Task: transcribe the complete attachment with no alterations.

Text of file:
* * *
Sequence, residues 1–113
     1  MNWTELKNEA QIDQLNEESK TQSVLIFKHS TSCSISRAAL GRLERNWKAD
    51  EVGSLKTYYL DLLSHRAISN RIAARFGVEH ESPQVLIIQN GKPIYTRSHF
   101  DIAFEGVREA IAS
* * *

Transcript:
Sequence, residues 1–113
     1  MNWTELKNEA QIDQLNEESK TQSVLIFKHS TSCSISRAAL GRLERNWKAD
    51  EVGSLKTYYL DLLSHRAISN RIAARFGVEH ESPQVLIIQN GKPIYTRSHF
   101  DIAFEGVREA IAS